The lower adjusted EBITDA compared to the fourth quarter of last year is reflective of, among other things, starting our Haynesville assets, which contributed about 18% of our fourth quarter revenue, and oil prices that were at their lowest level since the third quarter of 2017.Production in the first quarter was 7.8 million barrels of oil equivalent. Oil volumes were right down the middle of the fairway of our guidance we issued in February at 5.08 million barrels. Permian basin oil volumes were down about 331,000 barrels to 2.91 million barrels, which is down about 10% from the fourth quarter, but up 755,000 barrels or 35% from production in the first quarter of last year. In the Permian, 12 wells were placed on production during the quarter, two more than originally forecasted.

Williston oil volumes were 2.16 million barrels, down about 324,000 barrels from the fourth quarter. At the very end of the first quarter, we commenced drilling operations on the seven well Vegas pad, which we expect to put on production in the fourth quarter of this year. Natural gas lines were nine bcf of which two bcf was from our Haynesville asset, which we owned for 10 days in January. NGL volumes were 1.18 million barrels, marginally down from the fourth quarter.

With regard to production guidance for the year, due to improved drilling and completion of facilities in the Permian basin, faster and cheaper in both phases of the well construction process, we expect to be able to drill and complete 10 to 12 initial wells in the Permian basin this year. However, those wells will not contribute significant volumes in the year. So our guidance for oil volumes for 2019 is unchanged at 20.5 million to 21.5 million barrels. Our guidance for natural gas lines for 2019 is increased to a range of 25.5 to 27.5 bcf, which reflects the volumes from our Haynesville assets, which we had amended from our initial guidance.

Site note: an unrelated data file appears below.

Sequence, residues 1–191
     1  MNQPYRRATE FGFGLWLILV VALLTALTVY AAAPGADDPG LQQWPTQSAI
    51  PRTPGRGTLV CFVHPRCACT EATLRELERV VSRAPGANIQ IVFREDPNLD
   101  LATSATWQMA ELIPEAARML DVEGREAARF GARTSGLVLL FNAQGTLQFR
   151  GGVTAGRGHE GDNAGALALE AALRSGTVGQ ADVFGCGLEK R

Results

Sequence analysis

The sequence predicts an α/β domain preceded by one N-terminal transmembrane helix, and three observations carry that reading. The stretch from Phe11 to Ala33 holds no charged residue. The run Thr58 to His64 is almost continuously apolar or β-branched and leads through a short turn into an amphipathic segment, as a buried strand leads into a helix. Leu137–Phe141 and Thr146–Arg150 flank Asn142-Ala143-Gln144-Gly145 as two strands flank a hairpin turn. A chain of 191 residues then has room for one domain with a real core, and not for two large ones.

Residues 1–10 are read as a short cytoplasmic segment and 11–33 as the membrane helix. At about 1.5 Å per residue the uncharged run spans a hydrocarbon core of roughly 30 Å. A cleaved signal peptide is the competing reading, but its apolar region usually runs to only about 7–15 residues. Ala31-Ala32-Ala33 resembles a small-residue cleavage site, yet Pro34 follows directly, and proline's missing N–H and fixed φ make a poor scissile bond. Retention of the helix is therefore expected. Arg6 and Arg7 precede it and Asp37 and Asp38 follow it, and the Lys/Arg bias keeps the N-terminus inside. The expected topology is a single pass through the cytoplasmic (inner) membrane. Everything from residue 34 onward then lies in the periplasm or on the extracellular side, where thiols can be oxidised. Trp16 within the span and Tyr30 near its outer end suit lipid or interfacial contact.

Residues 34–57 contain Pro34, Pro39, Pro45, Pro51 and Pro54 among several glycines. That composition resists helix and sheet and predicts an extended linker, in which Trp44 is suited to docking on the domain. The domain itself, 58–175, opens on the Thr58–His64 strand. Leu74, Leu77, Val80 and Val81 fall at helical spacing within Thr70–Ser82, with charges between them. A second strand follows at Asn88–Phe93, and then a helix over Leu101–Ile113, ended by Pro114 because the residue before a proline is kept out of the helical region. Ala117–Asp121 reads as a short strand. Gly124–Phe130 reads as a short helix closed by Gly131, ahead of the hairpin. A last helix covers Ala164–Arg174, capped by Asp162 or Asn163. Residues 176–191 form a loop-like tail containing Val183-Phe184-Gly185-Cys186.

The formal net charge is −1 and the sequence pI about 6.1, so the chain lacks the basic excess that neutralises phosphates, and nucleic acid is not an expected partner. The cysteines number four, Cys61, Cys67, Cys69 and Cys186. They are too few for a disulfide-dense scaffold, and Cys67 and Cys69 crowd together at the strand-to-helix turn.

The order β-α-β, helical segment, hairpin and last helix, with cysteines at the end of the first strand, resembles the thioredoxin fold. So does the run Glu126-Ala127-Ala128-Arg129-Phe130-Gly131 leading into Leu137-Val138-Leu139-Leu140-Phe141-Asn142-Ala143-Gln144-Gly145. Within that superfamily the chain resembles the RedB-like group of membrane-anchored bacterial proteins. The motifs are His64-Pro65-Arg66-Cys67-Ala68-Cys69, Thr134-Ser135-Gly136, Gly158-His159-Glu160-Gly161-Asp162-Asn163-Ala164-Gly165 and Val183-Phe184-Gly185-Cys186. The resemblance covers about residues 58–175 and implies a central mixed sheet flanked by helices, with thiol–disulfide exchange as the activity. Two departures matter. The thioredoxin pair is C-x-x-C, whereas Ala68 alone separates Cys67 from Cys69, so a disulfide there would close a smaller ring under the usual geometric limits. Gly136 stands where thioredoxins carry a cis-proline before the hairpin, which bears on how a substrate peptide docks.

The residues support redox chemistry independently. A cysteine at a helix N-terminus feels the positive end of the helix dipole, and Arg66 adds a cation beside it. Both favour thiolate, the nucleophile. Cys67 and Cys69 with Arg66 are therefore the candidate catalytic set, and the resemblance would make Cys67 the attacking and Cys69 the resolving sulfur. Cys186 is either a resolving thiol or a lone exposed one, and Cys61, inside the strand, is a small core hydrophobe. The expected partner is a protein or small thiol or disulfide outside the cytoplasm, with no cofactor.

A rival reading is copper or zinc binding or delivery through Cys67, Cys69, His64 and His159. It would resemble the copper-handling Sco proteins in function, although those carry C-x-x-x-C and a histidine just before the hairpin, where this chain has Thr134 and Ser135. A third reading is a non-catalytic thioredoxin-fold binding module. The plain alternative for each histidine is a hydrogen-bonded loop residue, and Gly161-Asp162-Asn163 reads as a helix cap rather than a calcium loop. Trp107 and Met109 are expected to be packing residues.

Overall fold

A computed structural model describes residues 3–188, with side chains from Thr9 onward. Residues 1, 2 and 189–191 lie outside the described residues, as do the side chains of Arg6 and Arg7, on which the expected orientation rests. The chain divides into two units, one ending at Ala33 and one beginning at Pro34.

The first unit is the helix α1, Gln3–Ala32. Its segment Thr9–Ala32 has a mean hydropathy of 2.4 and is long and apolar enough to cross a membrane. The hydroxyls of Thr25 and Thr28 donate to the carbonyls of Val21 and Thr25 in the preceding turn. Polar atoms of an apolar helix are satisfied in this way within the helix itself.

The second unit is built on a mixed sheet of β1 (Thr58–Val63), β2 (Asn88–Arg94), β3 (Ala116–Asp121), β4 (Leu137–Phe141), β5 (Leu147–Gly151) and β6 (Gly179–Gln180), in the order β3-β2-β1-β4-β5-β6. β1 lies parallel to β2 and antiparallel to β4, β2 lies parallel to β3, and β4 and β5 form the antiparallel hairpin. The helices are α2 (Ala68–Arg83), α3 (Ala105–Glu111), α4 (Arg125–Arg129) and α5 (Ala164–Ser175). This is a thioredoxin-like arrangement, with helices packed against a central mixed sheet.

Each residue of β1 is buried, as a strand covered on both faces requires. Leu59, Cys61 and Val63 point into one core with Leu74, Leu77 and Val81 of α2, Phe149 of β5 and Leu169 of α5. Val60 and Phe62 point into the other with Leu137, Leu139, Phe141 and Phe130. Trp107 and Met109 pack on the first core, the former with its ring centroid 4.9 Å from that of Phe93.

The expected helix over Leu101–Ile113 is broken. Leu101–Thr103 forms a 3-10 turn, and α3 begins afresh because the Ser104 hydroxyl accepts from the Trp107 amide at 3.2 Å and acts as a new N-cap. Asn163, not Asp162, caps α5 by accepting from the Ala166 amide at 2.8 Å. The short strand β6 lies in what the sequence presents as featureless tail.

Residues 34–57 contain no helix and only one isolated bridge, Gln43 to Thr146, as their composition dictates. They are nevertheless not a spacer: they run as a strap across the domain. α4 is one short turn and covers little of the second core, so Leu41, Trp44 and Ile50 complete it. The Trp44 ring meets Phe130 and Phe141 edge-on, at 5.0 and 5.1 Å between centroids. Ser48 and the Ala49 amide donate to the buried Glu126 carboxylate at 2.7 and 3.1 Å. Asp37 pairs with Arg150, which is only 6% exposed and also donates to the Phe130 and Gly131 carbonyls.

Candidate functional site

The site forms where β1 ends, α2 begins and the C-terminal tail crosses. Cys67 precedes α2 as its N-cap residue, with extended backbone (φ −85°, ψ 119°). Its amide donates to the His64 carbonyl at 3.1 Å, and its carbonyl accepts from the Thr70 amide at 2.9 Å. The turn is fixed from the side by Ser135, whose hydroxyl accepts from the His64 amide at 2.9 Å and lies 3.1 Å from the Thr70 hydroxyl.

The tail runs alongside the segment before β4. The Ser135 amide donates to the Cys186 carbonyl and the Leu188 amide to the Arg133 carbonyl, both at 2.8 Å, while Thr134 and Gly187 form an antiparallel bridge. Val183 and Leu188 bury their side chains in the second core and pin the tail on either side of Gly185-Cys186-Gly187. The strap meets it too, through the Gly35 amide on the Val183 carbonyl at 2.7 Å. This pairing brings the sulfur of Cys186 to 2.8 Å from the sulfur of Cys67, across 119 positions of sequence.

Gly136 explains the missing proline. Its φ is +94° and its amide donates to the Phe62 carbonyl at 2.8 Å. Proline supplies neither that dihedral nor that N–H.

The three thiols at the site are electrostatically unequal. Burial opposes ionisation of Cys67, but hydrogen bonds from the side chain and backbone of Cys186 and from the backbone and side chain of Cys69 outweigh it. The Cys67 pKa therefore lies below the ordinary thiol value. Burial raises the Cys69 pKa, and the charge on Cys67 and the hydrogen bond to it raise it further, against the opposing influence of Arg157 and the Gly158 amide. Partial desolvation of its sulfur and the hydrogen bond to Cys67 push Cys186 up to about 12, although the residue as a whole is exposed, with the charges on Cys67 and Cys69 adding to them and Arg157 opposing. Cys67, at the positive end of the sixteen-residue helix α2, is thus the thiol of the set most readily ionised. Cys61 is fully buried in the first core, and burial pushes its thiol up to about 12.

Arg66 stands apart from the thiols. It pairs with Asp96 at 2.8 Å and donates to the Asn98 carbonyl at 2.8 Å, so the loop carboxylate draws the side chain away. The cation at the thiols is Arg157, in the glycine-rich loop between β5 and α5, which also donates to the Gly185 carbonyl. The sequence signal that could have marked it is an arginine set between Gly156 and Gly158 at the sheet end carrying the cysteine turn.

Our guidance for NGL volumes for 2019 is unchanged at 3.7 million to 4.2 million barrels. For the second quarter, our production guidance is 6.75 million to 7.22 million barrels of oil equivalent. Please see our earnings release for additional details. Combined lease operating and adjusted transportation expenses, including the $13.8 million of transportation expenses that are netted against revenue, were $76 million in the quarter, down from $98 million in the fourth quarter.

On a per unit basis, lease operating expenses were $6.60 per BOE, which is $1.49 per BOE higher than in the fourth quarter. Adjusted transportation expense was $3.17 per BOE, which is down $0.14 per BOE from the fourth quarter. The divestiture of our Haynesville assets was primarily responsible for the decrease in absolute expense and the increase in per unit expenses. Our guidance for lease operating and adjusted transportation expense for 2019 is unchanged at $9 to $10 per BOE.

G&A expenses were $63 million in the quarter, up $6 million from the fourth quarter, including the quarter where $26 million of expenses related to our evaluation of strategic alternatives and scaling down our corporate cost structure to better match our E&P activities. We have reduced the midpoint of our guidance for G&A expenses for 2019 by $5 million to $170 million of which $35 million is share-based compensation expense. Our guidance includes $50 million to $55 million of expenses associated with our strategic initiatives, including our employee retention and severance programs. We expect to incur a significant portion of the expenses in the first half of the year.

We provided more detail in the slide deck that accompanied our earnings release yesterday, which illustrates our path to a G&A level that is at or below $3 per BOE in 2020. Excluding advances driven by our stock price, we expect G&A in the second quarter to be around $45 million, which will include about $15 million of what we are referring to as special G&A expense. For the first quarter, we reported net loss of $117 million. Driving the net loss was $176 million of unrealized loss associated with the mark-to-market value of our commodity derivatives portfolio.